December 18, 2010 § Leave a comment
Cake Picture from this site
It’s getting dark way too early. I want to settle down in bed with several fat novels and mismatched quilts like a seven-layer cake or geological strata, or like the contents of a chest left in an attic for a hundred years.
Does anyone do that anymore? Surely somewhere there are big houses that stay in one family for centuries, lived in by people who value the past but not enough to want to look at it. Well, maybe not, except for few belonging to members of what is sometimes referred to as the Greatest Generation. There are younger people trying to achieve that settled, country-house lastingness, but it will take a while to see if they’ve managed it. It seems to me you’d have bring up your children in the wilderness to instill that kind of devotion to a particular piece of land, but wilderness children don’t keep things in the attic. They don’t keep things at all, except secrets and memory, which is why they appeal to me so much, as books do.
I want to welcome the dark, to become the dark without this undertow of depression that is nothing more than panic at having to pretend a lively get-up-and-go when I’d rather not. I’d rather stay here. I’d kind of like to deliquesce and hide puddled under the bureau like mercury knocked unconscious—not staining or stinking or sinking into the floorboards, just faintly quivering. I could dream of myself as Quicksilver, the mighty magic steed no man can ride nor arrow find, while really doing nothing at all.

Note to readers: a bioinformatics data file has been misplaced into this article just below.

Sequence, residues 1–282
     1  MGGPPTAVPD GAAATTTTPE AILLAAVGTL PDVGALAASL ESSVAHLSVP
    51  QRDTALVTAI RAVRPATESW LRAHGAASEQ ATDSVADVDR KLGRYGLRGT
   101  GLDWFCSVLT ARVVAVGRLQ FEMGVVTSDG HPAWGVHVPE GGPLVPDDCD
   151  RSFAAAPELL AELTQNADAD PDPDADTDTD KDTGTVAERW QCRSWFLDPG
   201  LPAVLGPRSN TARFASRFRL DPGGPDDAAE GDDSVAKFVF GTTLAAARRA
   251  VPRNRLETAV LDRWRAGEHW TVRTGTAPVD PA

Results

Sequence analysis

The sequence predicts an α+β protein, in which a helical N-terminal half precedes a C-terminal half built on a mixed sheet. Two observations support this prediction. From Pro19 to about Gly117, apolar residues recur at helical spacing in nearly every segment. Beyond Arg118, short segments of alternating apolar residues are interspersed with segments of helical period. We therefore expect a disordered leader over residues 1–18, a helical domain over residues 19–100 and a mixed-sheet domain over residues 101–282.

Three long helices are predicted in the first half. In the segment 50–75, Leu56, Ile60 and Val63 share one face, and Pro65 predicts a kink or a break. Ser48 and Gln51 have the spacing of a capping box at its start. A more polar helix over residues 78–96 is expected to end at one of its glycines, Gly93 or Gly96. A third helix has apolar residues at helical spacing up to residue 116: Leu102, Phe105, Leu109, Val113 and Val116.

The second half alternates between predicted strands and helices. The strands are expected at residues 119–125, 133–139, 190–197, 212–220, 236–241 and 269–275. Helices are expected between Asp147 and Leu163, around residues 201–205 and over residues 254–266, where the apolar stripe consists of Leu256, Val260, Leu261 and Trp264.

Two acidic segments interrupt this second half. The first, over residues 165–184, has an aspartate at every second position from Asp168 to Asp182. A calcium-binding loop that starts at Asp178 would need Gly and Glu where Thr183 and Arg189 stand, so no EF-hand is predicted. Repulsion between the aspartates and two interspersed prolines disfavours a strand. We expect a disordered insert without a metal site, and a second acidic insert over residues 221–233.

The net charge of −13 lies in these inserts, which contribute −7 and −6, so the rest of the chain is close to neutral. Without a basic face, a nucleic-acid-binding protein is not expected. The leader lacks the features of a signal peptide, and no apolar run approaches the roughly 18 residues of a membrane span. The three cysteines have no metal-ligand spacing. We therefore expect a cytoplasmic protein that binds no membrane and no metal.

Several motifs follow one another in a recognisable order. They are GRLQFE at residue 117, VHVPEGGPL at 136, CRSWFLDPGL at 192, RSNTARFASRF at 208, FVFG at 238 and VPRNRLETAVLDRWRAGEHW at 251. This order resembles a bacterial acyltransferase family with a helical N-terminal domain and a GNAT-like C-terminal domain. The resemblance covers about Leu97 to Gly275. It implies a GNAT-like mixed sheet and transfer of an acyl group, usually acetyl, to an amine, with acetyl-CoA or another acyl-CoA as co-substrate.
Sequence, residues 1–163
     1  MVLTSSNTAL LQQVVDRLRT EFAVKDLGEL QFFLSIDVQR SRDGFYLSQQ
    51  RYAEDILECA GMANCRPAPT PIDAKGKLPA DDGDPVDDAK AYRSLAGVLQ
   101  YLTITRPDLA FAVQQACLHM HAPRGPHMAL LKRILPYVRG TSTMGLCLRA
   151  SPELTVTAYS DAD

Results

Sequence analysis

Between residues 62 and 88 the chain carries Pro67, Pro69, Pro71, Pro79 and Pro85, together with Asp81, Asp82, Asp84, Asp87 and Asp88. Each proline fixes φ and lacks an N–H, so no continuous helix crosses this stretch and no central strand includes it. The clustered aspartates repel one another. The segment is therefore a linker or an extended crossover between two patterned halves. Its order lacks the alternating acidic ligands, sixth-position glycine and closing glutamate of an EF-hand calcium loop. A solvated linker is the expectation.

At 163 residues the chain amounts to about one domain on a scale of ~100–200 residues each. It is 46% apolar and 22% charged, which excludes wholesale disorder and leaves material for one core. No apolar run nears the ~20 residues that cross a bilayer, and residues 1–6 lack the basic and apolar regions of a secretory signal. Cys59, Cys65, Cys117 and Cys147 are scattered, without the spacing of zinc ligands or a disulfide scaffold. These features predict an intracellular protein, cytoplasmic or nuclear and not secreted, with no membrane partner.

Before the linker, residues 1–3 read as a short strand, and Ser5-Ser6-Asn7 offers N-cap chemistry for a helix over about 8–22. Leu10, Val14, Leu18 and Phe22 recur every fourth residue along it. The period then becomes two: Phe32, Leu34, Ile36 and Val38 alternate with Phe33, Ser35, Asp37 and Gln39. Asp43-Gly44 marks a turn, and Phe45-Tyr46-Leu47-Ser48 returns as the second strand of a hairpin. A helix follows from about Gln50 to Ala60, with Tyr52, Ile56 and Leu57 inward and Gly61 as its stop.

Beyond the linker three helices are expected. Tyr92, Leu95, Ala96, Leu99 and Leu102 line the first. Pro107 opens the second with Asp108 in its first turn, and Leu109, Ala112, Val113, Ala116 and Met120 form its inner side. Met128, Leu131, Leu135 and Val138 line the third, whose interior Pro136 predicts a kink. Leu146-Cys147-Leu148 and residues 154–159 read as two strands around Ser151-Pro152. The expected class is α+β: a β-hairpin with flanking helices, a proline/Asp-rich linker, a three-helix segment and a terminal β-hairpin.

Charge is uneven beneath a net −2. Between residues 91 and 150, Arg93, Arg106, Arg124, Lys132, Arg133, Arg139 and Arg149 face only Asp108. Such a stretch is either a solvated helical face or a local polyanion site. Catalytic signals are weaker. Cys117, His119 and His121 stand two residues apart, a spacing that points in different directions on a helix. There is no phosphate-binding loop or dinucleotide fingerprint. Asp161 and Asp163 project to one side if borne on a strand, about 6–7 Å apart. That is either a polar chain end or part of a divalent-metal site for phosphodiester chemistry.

But someone has to make tea. Someone has to shop for lemons, parsley and sliced ham, French bread and French butter. Someone should bring éclairs and Jane Eyre and the Sunday Times from that one week in the 1970s when nothing was going wrong. And some single malt for the cats.
Lots of chasing and ass-biting going on among the feline contingent. Winter effects them like the Lost Colonists of Roanoke Island, who went mad in the howling wilderness and ate each other up, leaving not a scrap behind to debunk my story. Although it’s said there are plenty of skeletons in the attics, if you comb carefully through the old houses of what was then Virginia but is now North Carolina (because of what happened to baby Virginia Dare); and, no, the houses hadn’t built in the days of the Lost Colony, but skeletons keep. Even wilderness kids can drag a few with them. But that baby…No, never mind. It’s a winter’s tale and we don’t believe in winter’s tales anymore. We turn on the lights and take drugs.
Fire And Ice
Some say the world will end in fire;
Some say in ice.
From what I’ve tasted of desire
I hold with those who favor fire.
But if it had to perish twice,
I think I know enough of hate
To say that for destruction ice
Is also great
And would suffice.